Class 1 licence versus all others

October 27, 2014

Invest a little bit more, get a substantially bigger return

For more than a year our organization has trained a substantial number of commercial drivers seeking work in the “North”. The promise of big money has lured many workers to these remote parts.

Within a few weeks of being in the North, Class 1 drivers see a substantial return on investment. And they gain valuable skills and abilities that they can take to other employers when they return home.

Often, when calling driving schools potential students seek information about training to attain a Class 3 (tandem axle truck) licence. A Class 3 licence allows the holder to only operate a dump truck or 5-ton straight truck. And if they do pull a trailer, it can’t exceed 4,600 kg (10,000 lbs).

My first question to the person asking about information concerning this type of training is: “why?” Often the s/he responds stating that s/he has a job lined up driving a vacuum truck or the like.

My first point to potential students on the phone is this: If the job driving a Class 3 vehicle works out then everything is fine; however, if it doesn’t, finding another job is probably going to have some challenges. And then you’re stuck in the middle of nowhere with only limited offerings to a potential employer. As well, money reserves are depleted quickly in these places where cost of living tends to be exorbitant.

However, with a Class 1 licence, those seeking a job in the north or anywhere else are going to have a much easier time. And because they can legally drive any vehicle, these drivers have both choice, and competent skills and abilities to offer an employer.

Class #1 & #3 Licence Comparison

Class #1

Class #3

Can operate any class of licence except motorcycle

Can operate only a tandem axle truck and passenger vehicles

Probability of getting job: Excellent

Probability of getting job: Fair

On average, costs $6000

On average, costs $2000

Time to make cost of training back: few weeks

Time to make cost of training back: few months

Approximate time for training: 10 4-hour lessons plus road test

Approximate time for training: 3 4-hour lessons plus road test

Can operate a bus (Class 2 and 4)

Can’t operate a bus

Can tow any trailer

Can tow a trailer not exceeding 4,600 kg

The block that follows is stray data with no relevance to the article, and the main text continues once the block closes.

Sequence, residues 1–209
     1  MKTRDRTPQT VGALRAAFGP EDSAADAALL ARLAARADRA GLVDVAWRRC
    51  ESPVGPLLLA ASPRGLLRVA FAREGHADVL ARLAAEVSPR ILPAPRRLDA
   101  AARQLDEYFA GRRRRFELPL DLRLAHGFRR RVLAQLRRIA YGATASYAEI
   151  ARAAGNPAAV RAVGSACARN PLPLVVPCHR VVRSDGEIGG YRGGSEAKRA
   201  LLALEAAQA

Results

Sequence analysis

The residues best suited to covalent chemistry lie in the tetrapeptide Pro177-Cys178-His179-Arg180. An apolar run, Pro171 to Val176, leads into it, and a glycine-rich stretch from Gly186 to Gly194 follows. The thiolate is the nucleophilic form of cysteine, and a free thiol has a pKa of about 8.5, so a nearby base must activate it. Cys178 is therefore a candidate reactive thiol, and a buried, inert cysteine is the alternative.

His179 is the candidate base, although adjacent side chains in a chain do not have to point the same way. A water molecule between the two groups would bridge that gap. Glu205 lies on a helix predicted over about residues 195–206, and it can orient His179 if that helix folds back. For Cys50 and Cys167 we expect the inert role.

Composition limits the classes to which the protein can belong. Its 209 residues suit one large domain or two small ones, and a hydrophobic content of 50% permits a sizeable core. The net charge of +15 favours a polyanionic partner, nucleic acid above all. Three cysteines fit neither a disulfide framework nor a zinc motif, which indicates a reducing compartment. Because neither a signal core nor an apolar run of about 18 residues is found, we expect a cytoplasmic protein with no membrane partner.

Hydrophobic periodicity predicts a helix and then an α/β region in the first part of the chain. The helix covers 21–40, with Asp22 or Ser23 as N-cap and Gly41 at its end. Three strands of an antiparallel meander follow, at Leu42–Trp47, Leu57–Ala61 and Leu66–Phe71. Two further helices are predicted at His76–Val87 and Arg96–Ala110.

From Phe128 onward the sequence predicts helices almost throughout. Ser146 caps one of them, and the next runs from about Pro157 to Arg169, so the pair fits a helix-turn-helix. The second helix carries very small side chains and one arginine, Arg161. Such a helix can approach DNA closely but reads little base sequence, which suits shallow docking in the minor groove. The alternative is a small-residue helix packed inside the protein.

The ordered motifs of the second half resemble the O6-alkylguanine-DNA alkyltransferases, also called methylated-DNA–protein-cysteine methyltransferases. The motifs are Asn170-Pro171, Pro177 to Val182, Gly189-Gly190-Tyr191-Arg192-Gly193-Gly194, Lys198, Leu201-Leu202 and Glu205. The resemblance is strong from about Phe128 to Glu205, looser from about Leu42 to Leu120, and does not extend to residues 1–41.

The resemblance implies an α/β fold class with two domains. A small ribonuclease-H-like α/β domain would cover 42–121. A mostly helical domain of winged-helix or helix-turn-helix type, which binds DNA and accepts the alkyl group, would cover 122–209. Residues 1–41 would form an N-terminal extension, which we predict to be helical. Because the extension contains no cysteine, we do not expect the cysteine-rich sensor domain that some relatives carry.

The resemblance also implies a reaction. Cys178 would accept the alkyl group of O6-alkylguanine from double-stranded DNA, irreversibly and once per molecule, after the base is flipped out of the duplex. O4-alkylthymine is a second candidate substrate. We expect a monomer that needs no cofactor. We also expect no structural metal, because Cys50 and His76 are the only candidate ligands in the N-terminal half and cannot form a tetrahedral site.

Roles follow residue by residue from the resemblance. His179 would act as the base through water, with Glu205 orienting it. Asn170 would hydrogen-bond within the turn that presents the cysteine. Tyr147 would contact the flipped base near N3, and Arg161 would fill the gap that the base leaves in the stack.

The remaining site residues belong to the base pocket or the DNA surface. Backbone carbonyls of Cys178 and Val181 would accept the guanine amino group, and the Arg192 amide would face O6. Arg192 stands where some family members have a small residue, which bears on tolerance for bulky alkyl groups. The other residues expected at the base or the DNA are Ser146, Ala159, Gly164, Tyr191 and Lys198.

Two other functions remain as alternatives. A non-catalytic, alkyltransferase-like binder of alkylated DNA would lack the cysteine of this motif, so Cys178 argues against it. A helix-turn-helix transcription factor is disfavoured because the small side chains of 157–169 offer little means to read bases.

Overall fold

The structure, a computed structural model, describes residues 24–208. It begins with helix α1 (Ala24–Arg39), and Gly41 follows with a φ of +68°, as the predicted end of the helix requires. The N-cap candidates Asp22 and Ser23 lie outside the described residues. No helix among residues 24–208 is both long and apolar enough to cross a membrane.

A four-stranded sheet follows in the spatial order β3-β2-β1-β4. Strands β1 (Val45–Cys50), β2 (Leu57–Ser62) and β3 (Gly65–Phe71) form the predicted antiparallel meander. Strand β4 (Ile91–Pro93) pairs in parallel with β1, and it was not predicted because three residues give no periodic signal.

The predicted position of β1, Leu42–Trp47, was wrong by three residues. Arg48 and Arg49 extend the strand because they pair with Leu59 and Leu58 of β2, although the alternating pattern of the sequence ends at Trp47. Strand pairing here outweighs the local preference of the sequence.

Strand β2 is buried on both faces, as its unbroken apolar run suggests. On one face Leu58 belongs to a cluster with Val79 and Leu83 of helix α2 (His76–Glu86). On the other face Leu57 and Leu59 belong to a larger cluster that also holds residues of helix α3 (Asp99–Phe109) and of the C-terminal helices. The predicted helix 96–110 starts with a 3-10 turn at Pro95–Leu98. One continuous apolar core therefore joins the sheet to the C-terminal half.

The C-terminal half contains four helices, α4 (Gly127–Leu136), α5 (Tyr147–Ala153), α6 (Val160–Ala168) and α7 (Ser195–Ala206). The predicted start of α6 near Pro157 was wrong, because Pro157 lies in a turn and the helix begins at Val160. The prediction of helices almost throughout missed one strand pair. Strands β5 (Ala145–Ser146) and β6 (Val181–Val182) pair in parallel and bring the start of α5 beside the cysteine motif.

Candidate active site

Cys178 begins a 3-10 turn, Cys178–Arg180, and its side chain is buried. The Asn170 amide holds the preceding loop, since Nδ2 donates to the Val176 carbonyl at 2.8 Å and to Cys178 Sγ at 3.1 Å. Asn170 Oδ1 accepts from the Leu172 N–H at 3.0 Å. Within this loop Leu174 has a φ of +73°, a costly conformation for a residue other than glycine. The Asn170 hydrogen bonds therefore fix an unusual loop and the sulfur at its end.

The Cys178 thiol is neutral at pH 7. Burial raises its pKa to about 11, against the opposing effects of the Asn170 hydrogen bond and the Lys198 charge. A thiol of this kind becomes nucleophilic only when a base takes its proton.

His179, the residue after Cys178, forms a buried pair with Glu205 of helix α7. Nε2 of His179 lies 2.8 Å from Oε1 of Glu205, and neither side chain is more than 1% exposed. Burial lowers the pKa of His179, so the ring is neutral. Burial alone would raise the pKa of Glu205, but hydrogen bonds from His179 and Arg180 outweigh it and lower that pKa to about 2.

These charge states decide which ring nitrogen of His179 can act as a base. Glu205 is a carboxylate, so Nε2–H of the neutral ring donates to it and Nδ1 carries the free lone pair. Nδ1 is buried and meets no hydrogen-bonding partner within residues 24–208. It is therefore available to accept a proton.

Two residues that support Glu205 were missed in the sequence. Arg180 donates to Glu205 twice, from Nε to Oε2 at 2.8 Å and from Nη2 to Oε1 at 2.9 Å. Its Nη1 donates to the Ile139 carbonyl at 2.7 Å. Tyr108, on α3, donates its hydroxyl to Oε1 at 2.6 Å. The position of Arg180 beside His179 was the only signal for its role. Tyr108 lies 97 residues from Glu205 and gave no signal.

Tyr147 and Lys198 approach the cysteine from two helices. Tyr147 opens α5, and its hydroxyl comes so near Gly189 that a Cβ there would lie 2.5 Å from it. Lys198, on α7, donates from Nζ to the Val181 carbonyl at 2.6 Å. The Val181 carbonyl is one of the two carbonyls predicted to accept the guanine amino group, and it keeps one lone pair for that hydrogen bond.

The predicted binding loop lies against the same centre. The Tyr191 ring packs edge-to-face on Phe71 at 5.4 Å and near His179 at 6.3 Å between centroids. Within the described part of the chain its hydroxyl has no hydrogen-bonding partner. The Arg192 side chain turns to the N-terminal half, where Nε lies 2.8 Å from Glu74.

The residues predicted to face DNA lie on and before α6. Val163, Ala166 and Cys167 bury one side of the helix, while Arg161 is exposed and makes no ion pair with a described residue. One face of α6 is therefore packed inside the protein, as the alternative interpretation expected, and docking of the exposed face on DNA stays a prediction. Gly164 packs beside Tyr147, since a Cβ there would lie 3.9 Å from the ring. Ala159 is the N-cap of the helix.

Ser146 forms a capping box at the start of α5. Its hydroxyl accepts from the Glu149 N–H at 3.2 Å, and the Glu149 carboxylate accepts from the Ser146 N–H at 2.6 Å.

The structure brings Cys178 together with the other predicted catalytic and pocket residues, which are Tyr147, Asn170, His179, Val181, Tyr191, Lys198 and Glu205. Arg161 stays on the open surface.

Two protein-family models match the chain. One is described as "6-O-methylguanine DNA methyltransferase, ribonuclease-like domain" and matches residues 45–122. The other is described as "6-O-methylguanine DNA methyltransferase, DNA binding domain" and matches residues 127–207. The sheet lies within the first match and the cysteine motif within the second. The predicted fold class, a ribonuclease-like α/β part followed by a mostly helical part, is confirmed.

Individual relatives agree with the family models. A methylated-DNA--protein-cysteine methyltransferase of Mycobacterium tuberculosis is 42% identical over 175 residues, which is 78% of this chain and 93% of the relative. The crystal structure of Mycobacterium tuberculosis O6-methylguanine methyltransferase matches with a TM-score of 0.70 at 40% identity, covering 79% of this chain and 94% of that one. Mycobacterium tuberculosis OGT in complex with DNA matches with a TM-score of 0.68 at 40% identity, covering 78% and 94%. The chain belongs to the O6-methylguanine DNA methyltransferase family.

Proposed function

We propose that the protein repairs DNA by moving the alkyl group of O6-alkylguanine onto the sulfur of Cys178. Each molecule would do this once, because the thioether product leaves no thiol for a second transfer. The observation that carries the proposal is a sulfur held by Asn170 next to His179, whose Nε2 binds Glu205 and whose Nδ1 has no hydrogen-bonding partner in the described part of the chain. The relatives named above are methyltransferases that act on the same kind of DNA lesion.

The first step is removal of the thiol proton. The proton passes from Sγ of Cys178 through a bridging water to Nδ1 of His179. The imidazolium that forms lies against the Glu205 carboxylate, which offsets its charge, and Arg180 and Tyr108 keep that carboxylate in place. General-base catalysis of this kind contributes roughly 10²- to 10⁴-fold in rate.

Even though they have a number of these vehicles in their fleet, many trucking companies have a covert policy that they simply don’t hire Class 3 drivers. With our current economic recession, they have this luxury.

And there is a logistical reason for only hiring Class 1 drivers. If Ralph the Class 1 driver calls in sick for example, dispatch simply goes down their roster of available Class #1 drivers to find a replacement. They don’t look at their roster and strike off Ted, Bill and José because they only have a Class 3 licence.

From the point of view of the company, it makes logistical and practical sense for them to have a pool of drivers that can “legally” operate any and all of the vehicles in their fleet.

Alternatively, if a Class #1 driver gets tired of driving a truck, s/he could seek work as a bus driver without too much fuss. Those who hold a Class #1 licence can operate any type of bus. Although still driving, operating a bus brings with it a whole different set of challenges from that of trucking.

“Short term pain for long-term gain.” For most, the tuition cost to obtain Class 1 training is their biggest stumbling block. As stated above however, the return on investment will be seen within a few weeks. Often relatives are more than willing to help out if they see you working to move forward. And if they’re not willing to loan you the money just because of your gracious smile and award winning personality – tell them that you’ll take them for a ride in a 18-wheeler if they help you to get your licence.

Photo By Ikiwaner (talk · contribs) (Own work) [GFDL or CC-BY-SA-3.0], via Wikimedia Commons